November 12, 2010 – April 10, 2011
This exhibition explores the basic math and design principles that artists have utilized for centuries. It is designed to help the layperson develop a vocabulary to approach unfamiliar works of art. By learning about the basic elements of art and seeing how the application of these elements enhances a work of art, the visitor will be able to recognize these principles and perhaps have some insight into art that otherwise seems incomprehensible.
The exhibition starts with line, space, shape, and value — and then moves on to more complicated principles such as time, balance, movement, perspective, golden ratios, tessellations, fractals, color and optics. Illustrative examples from the UAMA’s own collection make these concepts come alive. Along the way, visitors will experience spinning a color wheel, drawing with a camera obscura, watching colors separate into different depths with Chromadepth © glasses, and learning how light affects the color of an object.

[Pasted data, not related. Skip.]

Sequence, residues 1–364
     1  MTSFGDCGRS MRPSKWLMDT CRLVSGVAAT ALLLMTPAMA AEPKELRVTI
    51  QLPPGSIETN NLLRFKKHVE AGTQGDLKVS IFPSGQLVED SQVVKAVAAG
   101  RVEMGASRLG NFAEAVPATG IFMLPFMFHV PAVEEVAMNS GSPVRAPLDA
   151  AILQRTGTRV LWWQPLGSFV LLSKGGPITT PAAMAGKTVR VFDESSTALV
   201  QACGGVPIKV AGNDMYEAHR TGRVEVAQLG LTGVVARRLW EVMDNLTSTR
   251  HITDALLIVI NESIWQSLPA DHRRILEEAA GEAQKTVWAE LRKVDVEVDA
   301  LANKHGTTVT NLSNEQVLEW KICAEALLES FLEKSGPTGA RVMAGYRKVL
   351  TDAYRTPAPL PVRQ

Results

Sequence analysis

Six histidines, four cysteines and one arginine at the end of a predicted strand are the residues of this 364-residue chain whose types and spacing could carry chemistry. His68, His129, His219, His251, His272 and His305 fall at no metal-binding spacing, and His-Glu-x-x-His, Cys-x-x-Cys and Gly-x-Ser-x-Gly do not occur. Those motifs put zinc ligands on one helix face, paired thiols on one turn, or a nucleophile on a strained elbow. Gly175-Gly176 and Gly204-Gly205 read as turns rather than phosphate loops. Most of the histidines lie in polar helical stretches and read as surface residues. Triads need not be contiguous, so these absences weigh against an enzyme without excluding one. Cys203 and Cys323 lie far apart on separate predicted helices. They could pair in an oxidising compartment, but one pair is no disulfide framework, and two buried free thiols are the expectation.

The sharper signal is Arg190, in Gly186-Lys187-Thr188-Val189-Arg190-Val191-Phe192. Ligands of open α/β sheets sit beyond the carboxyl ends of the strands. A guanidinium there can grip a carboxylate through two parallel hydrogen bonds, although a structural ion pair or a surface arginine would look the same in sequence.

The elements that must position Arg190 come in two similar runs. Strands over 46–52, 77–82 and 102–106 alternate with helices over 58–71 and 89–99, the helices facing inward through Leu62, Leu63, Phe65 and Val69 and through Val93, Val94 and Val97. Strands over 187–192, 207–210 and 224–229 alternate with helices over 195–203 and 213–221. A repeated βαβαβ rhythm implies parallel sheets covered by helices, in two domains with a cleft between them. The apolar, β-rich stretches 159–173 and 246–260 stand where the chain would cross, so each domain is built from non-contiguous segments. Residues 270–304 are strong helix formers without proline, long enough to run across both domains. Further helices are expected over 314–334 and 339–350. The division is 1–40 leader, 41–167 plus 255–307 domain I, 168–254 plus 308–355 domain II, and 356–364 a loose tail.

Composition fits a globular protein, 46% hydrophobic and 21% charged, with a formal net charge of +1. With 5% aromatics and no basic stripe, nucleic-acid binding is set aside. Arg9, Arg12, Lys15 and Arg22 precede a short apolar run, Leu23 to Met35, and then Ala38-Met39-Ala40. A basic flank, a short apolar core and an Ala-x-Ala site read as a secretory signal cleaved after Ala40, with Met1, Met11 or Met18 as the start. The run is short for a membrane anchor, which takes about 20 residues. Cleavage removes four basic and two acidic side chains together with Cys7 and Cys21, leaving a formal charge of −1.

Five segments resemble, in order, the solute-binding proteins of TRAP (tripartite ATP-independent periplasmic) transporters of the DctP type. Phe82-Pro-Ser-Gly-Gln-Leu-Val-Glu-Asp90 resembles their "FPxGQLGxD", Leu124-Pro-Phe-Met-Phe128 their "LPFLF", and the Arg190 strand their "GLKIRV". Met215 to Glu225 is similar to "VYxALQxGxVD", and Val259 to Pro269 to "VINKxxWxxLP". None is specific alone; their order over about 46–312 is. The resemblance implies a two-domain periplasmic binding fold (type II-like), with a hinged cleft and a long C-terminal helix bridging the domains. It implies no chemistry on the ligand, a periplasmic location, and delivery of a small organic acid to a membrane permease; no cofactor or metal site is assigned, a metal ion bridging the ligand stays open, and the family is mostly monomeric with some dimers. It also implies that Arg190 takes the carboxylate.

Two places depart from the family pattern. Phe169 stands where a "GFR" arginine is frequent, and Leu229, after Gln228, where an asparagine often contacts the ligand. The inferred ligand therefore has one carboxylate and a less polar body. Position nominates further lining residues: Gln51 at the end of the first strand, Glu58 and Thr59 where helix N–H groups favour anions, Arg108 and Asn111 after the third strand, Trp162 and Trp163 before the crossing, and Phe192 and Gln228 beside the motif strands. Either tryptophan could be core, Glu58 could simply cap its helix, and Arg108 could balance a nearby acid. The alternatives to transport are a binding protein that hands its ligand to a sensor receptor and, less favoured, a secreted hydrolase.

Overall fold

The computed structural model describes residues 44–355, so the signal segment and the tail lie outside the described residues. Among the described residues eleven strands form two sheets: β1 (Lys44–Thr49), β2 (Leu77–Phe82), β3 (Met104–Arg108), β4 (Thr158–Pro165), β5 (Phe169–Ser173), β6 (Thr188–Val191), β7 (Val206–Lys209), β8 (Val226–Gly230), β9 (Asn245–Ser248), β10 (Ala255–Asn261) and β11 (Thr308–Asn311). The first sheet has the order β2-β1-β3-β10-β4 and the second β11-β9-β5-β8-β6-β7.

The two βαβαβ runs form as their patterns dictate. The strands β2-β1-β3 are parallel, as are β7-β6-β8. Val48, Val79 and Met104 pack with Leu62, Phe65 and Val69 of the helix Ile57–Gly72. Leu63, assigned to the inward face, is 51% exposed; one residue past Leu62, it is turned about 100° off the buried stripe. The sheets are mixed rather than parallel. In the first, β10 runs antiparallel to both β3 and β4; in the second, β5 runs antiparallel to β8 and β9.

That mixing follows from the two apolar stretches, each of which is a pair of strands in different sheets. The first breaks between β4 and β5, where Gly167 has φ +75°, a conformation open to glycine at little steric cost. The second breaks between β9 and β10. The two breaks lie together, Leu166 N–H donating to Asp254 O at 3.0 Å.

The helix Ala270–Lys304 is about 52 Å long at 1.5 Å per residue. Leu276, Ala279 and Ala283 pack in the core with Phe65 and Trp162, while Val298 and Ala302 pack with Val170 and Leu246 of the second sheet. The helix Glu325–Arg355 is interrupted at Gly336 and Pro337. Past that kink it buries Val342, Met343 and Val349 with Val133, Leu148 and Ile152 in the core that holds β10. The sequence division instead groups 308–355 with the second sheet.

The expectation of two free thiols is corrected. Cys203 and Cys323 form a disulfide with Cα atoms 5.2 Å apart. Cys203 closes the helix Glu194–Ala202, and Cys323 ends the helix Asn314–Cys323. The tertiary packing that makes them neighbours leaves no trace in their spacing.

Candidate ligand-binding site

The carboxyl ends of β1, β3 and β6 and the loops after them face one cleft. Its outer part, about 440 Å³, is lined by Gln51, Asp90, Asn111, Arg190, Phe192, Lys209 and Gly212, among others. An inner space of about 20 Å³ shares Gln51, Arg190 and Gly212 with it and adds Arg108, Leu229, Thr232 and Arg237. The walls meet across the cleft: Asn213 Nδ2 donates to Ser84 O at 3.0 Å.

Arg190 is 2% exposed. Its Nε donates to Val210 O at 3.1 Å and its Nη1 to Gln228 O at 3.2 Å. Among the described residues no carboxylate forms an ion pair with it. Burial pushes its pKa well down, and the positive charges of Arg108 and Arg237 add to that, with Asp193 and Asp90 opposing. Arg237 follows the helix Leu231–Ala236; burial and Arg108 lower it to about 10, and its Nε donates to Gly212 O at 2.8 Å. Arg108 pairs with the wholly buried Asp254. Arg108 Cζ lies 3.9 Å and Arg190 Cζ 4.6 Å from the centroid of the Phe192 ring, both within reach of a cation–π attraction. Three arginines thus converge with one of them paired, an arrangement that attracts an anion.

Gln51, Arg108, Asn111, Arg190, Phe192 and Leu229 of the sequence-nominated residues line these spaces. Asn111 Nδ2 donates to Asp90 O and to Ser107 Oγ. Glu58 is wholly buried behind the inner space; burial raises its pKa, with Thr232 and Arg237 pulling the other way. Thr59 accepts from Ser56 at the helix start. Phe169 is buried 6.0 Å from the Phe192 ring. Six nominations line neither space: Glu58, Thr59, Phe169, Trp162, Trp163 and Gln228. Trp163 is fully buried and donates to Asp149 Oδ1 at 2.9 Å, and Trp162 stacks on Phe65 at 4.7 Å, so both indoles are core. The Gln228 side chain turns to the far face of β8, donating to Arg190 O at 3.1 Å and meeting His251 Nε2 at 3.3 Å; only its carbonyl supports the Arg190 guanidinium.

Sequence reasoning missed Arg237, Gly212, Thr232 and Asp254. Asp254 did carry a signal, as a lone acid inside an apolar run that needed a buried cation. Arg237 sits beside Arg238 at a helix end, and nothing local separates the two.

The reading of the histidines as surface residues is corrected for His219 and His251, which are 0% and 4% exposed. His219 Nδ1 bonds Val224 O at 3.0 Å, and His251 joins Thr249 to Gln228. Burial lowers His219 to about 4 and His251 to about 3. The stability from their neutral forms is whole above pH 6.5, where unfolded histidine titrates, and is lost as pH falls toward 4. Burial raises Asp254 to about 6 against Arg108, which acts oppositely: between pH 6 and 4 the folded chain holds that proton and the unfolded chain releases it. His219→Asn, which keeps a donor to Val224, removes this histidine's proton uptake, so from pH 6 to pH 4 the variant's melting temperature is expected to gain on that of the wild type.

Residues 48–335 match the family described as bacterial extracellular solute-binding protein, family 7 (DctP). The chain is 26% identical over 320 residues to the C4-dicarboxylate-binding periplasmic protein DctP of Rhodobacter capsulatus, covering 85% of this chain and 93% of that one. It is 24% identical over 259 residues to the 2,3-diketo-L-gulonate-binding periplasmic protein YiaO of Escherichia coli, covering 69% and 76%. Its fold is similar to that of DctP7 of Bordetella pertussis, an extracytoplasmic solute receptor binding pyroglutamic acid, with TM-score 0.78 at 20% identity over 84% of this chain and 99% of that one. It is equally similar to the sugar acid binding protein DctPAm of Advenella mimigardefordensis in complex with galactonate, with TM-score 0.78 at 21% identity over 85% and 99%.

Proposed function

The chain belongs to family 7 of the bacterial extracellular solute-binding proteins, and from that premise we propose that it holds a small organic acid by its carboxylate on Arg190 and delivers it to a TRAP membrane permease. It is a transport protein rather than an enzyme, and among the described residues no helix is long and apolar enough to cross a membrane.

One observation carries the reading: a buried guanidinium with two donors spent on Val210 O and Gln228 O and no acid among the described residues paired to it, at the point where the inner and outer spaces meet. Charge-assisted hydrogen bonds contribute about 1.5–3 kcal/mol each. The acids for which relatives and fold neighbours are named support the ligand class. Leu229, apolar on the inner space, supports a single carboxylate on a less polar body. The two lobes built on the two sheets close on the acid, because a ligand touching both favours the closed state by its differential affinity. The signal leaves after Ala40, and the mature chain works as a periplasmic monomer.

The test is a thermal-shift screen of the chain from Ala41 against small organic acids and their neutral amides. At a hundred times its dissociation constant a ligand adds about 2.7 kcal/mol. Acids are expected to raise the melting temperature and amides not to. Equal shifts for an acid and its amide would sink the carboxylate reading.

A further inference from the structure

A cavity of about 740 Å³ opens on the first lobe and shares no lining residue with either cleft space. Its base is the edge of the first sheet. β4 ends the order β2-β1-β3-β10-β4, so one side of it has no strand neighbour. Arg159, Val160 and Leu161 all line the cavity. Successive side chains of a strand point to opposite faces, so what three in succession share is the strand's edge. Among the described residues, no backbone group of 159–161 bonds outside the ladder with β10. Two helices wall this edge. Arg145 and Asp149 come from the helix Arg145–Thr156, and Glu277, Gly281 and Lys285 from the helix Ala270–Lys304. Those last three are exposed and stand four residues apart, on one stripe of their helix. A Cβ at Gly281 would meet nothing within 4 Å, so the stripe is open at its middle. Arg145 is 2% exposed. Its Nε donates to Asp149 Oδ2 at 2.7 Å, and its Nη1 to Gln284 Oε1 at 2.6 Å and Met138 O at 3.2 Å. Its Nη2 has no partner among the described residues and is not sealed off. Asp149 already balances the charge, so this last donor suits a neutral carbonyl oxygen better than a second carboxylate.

On opening weekend (November 12-14), the maestra Madonnara (street artist) Melanie Stimmell will create a 3-d anamorphic work in extreme perspective on the Museum floor that will remain on view throughout the exhibition. To learn about Melanie’s work, visit her websites:
Watch Melanie Stimmell create a 3-d anamorphic work in extreme perspective on the Museum floor
UANews interview with Curator Lauren Rabb on The Aesthetic Code
A full color catalog of the exhibition will be available in our Museum Gift Shop. 10% discount for UAMA members.
The production of the catalog is underwritten by John Wells and The Process Museum.
University of Arizona Museum of Art & Archive of Visual Arts
1031 North Olive Road
Tucson, AZ 85721-0002